Stiff Little Fingers Albums Ranked

Stiff Little Fingers are a punk rock band from Belfast, Northern Ireland. They formed in 1977, at the height of the Troubles. They started out as a schoolboy band called Highway Star (named after the Deep Purple song), doing rock covers until they discovered punk. They split up after six years and four albums, although they reformed five years later, in 1987. Despite major personnel changes, they are still touring and recording. In 2014, the band released their tenth studio album and a world tour followed its release. Jake Burns, their lead singer, is the only member to have been with the band during all its incarnations, but in March 2006, original bass guitarist Ali McMordie rejoined them following the departure of The Jam bass player Bruce Foxton after fifteen years. Here are all of the Stiff Little Fingers’ albums ranked.

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10. Fly The Flags (1992)

“Many people imagine that SLF’s best live album was their most commercially successful (‘Hanx’). This one is much better. One gets a very clear sense of the energy of the band live. The charisma of Jake Burns comes across equally well. They demonstrate clearly the interaction between group and audience which made them one of the best live acts of all time. The version of ‘Gotta getaway’ here is an all-time career high on that level. Although it features some of the same songs as the earlier ‘Hanx’ many of these have been reworked. After the disappointment of the ‘No sleep til Belfast’ live album this one shows the group back on track”

9. All The Best (1983)

“The songs on All The Best sound better than any current so-called punk rock band working today. The Clash didn’t last too long and their material lost the bite after their first two albums. Stiff Little Fingers, on the other hand,are still out there performing live and sounding better than ever. The best part is that the songs on All The Best are loved by their current teenage fans as well as the old timers like me.”

8. See You Up There! (1989)

“The charisma of Jake Burns comes across equally well. They demonstrate clearly the interaction between group and audience which made them one of the best live acts of all time.”

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7. Live And Loud (1988)

“Most of the songs here are closer to what I would consider the real punk sound to be, although there are patches, such as to 50’s do-wop at the end of “Barbed Wire Love” that still make one a little uncomfortable. But with personal favourites such as “Nobody’s Hero”, “Alternative Ulster”, “Wasted Life”, “Tin Soldiers” and “Suspect Device”, you can’t really go wrong. As a greatest hits collection you could do worse than this also, as this will introduce to the best the band has to offer.”

6. Now Then… (1982)

“An excellent rock album with classic slf tracks like ‘stands to reason’ and ‘talkback’ also the original and best version of ‘the price of admission’ and another ballad ‘big city night’ about the troubled streets of belfast are all standout tracks.slf bring new life to a cover of ‘love of the common people’ made famous by paul young in the mid eighties”

5. Best Served Loud (2017)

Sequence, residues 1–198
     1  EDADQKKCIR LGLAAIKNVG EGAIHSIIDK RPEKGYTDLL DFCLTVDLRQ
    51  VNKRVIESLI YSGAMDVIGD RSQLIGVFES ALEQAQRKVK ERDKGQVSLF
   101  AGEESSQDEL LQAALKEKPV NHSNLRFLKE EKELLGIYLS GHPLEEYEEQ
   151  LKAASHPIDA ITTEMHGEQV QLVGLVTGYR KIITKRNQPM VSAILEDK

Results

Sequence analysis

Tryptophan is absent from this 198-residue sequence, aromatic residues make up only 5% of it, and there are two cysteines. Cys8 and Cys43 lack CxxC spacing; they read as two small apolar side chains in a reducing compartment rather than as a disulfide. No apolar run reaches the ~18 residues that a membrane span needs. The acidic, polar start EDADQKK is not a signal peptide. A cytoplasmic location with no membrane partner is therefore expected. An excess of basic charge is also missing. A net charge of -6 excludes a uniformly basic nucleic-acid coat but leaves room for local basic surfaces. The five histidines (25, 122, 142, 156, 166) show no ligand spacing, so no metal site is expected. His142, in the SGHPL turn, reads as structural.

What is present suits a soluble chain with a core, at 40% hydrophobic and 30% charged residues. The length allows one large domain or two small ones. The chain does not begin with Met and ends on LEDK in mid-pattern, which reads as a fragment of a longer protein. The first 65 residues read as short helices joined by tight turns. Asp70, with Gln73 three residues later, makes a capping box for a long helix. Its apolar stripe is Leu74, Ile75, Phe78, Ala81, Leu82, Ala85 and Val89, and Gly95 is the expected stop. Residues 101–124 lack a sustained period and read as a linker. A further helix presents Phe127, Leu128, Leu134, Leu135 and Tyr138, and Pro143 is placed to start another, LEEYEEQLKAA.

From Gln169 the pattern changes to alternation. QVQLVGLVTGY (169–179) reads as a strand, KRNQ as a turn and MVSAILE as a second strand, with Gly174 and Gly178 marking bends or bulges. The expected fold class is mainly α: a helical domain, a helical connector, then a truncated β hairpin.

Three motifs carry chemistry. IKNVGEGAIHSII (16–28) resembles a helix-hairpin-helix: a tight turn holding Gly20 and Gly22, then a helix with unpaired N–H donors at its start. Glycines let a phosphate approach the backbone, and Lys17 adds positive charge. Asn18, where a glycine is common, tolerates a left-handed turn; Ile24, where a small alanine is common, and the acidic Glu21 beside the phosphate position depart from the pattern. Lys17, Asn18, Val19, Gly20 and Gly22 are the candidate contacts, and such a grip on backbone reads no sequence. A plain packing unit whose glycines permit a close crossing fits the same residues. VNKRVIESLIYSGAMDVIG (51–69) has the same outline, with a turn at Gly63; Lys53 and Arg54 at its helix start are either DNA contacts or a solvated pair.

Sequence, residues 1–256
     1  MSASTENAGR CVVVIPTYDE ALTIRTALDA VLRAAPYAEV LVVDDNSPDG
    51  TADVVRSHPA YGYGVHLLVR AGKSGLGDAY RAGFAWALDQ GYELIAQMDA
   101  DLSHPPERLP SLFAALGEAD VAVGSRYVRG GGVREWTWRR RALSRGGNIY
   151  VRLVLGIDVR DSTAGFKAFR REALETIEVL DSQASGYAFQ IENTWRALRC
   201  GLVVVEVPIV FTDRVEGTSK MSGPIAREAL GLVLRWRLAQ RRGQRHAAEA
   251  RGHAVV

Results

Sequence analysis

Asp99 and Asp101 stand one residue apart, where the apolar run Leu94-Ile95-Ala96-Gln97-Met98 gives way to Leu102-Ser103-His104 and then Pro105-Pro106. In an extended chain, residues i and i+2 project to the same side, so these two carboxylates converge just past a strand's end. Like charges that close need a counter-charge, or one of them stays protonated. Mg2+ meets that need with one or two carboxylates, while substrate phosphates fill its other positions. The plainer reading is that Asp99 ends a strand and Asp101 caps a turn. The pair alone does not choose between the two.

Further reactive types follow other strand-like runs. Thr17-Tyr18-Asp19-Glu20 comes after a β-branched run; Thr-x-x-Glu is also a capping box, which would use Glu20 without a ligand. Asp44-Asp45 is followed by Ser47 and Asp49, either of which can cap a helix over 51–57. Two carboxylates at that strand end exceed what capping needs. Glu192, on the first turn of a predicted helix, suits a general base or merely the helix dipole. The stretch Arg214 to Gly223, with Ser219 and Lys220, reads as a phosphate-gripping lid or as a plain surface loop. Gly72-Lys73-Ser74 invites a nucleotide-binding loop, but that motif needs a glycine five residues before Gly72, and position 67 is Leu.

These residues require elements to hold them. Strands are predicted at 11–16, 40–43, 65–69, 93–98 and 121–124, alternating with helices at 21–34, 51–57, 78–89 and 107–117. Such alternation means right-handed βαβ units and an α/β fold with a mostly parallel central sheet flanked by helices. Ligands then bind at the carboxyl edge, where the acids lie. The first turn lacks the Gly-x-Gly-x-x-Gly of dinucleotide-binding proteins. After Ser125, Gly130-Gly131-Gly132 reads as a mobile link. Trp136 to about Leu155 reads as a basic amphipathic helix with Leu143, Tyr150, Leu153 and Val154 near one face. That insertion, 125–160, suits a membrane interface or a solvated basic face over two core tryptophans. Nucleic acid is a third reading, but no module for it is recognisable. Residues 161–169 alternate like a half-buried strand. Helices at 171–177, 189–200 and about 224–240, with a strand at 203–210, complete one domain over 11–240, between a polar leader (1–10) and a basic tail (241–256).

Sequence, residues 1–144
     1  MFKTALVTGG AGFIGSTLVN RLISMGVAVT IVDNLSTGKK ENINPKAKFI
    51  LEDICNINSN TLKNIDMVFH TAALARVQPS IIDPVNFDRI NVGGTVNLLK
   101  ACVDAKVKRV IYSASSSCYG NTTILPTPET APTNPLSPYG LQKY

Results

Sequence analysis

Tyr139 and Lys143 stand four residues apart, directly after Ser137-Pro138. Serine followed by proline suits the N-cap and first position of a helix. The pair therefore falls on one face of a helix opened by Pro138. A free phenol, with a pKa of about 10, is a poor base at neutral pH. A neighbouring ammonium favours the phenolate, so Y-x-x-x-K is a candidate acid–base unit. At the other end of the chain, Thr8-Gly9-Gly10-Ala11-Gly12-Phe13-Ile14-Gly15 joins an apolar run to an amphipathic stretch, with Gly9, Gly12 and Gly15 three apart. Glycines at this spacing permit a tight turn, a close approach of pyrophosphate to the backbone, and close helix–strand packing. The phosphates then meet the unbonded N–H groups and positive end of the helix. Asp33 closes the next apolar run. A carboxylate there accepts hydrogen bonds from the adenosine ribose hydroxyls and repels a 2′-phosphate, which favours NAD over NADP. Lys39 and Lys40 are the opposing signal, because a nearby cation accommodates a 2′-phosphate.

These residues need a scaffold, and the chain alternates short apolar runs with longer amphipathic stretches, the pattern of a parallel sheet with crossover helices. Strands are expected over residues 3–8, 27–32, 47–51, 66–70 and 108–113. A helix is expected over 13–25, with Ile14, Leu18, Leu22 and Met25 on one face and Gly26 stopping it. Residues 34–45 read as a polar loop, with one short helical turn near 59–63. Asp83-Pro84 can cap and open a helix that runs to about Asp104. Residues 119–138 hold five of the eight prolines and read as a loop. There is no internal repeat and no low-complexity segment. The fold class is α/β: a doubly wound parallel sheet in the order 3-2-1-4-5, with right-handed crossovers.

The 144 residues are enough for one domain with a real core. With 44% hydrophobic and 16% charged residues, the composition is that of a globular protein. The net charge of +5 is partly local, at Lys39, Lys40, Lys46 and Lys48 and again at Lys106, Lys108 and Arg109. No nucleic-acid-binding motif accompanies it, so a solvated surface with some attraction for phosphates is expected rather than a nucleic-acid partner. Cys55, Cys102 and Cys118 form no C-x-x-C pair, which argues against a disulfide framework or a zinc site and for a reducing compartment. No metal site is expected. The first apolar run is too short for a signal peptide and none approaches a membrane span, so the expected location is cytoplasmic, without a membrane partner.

“Quite simply the “dog’s bollocks”! This album really kicks along and when played in your car be careful not to speed! Great driving LP. Raw punk at its very best. Buy it if you like a gutsy rock “n roll.”

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4. Go For It (1981)

“For those who have never heard this, this is the one album by SLF where it wasn’t an exact punk sound, except perhaps the guitars, still having that power. The opening remake “Roots, Radicals, Rockers and Reggae” will always be preferable to Bunny Wailer’s for me, by miles. It’s one of Stiff Little Fingers’ finest moments and in-concert highlights always, esp. to hear Jake sing “So comfort the afflicted, and keep them from harm/let age be protected, and the infants be strong, GO FOR IT!” Incredible song.”

3. Hanx! (1980)

“This record captures the band at their best. At the time SLF were as good as any punk or new wave artist. Their music was filled with energy and devastatingly acute lyrics that addressed the real problems of young people in troubled Ulster. They were tight and muscular, with a sound that was rooted in the do it yourself punk aesthetic, but matched this with musicianship and charisma. Their covers of reggae numbers set the standard; not even the Clash managed to better them.”

2. Nobody’s Heroes (1980)

“This is an album of the highest quality. Powerful guitar-driven punk. Some of the best lyrics you’ll ever hear. Political protest mixed with teenage angst. SLF are still going today and continue to produce interesting material and phenomenal live shows… Their die-hard following is still with them. It is ironic that the group who sang ‘don’t wanna be nobody’s hero’ should be the object of such cult fanaticism even to this day- but that speaks volumes for the quality of their music and lyrics.”

1. Inflammable Material (1979)

“his album and very few others represent the pinnacle of everything the genre should be remembered for. Too bad the whole thing quickly became the domain of total ignorant meatheads, and remains so to this day. Stiff Little Fingers had genuine attitude, incredibly astute lyrics, and talent. This album is hard edged but also catchy, good to listen too. That is, if you like this kind of music.”